Repurposing the use of existing assets: five developer insurance considerations

With the ever-increasing strain that comes with a lack of residential dwellings and yet seamlessly an abundant supply of aged office spaces that need to be repurposed, there seems to be a perfect middle ground that can solve both issues.

Whilst prime premium central offices are still in high demand across the country, the other classes of office buildings (B and C), for example, those that sit on the fringe of the city, could be prime for redevelopment and conversion into residential dwellings, otherwise known as permitted development.

When embarking on a permitted development, there are key insurance considerations to ensure that developers are adequately covered throughout the lifetime of the project.

Consideration one: Ensuring the existing structure is adequately covered

It is important to ensure the existing structure is adequately covered. Often, the value of the existing structure outweighs the contract value of the redevelopment. As a result, contract works insurers are at times hesitant to provide cover. More often than not, they will pass the risks/responsibility back to the original property insurers who cover the existing structure.

Although the new contractor can be absorbed into the property policy, many developers are hesitant to do so as this exposes their property program to any damage the contractor causes throughout the development of the project. Consequently, this impacts their annual insurances.

How developers are responding:

As an alternative, developers can provide a waiver of subrogation in conjunction with the contractor for an agreed-upon limit. This limit is commensurate with the value of the structure being worked upon. It protects the developer’s annual insurances against any small attritional losses and is there to step in as a failsafe against any major events that may occur.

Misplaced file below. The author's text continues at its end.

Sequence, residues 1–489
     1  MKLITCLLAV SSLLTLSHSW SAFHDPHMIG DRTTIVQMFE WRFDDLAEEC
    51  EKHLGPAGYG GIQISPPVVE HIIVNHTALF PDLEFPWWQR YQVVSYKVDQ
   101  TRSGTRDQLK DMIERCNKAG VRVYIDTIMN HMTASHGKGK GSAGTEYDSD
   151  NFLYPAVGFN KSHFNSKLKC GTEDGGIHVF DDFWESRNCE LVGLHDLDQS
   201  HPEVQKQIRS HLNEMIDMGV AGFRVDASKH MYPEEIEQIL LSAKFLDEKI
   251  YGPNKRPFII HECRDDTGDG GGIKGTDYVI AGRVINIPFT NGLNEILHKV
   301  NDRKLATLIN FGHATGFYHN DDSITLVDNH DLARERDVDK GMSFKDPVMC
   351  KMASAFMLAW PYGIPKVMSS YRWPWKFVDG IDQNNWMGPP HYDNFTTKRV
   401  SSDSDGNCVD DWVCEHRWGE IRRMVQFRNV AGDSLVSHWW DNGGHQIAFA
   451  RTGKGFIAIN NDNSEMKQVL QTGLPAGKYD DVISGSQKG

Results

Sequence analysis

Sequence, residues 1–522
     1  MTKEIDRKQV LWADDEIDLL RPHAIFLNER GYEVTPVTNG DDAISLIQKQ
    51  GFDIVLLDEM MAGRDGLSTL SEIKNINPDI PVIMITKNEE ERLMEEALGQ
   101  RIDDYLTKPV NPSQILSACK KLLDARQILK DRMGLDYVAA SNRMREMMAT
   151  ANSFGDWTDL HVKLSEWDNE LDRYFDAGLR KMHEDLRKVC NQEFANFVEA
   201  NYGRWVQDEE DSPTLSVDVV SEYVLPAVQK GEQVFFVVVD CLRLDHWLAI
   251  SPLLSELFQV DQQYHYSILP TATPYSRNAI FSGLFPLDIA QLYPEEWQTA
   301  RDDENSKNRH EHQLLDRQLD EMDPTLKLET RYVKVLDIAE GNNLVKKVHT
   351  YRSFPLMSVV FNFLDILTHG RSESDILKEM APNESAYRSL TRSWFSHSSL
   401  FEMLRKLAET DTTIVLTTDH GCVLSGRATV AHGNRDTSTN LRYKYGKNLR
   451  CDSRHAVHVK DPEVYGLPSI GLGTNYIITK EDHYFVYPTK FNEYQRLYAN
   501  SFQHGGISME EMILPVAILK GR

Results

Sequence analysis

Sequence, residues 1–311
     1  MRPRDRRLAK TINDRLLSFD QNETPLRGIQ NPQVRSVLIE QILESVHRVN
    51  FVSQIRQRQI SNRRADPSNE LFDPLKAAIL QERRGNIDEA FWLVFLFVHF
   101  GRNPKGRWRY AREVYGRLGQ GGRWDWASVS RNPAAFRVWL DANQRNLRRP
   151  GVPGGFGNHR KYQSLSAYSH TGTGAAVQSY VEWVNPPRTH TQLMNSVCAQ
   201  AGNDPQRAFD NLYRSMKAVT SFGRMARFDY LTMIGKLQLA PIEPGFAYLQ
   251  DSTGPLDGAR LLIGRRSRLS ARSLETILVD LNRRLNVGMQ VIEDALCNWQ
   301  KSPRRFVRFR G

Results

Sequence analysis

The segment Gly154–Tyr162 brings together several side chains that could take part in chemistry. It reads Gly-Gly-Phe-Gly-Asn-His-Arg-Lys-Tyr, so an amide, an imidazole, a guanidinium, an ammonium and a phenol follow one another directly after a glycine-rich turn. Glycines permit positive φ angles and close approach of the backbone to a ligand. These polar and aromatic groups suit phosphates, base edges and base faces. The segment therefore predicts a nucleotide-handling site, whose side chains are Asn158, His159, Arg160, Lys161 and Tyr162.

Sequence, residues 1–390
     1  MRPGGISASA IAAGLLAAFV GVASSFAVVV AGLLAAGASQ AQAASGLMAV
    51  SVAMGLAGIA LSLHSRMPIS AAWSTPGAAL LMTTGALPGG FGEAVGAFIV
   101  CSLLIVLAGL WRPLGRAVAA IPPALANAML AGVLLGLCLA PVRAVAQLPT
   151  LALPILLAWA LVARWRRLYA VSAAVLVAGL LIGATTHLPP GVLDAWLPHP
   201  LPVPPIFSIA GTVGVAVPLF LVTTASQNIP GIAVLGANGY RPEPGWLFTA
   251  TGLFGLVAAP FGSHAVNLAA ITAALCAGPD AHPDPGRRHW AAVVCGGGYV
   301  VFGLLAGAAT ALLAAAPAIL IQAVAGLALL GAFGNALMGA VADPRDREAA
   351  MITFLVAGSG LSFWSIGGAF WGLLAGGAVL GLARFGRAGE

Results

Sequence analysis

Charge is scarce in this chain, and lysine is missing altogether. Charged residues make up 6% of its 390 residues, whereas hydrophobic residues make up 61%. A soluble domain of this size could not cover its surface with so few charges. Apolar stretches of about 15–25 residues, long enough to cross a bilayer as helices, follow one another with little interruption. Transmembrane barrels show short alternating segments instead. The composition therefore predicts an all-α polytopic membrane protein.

Another option is to maintain the property policy as it is and rely solely on the contractor’s public liability insurance. However, it is important to note that whilst property policies offer coverage for specified perils, a common exclusion is ‘collapse’. If collapse were to occur as a result of the contract works and collapse was excluded under the property policy, the only avenue of insurance recourse would be under the contractor’s public liability insurance.

It is worth noting that if the reinstatement value of the existing structure is more than the public liability limit arranged by the contractor, it could potentially be a large uninsured exposure that would need to be considered.

Consideration two: What level of public liability insurance is enough?

With public liability insurance, there are a multitude of potential losses that this is designed to cover. For example:

  1. Small impact damage

  2. Third-party property

  3. Third-party persons

  4. Burning a nearby building, causing resultant fatalities.

The limit selected should be at a level the developer is comfortable with. In selecting the limit, developers should take into consideration the potential losses which could arise, as well as the reinstatement value of the building.

Consideration three: Implications of contract works coverage

When considering the contract works coverage, traditionally the risks associated with this cover have been pushed down to contractors.

However, in the current climate, Lockton is increasingly observing developers taking back these risks. This is made possible by an Owner Controlled Insurance Program (OCIP). The purpose of this policy is to help protect developers against contractor issues. It allows the inclusion of lender interests.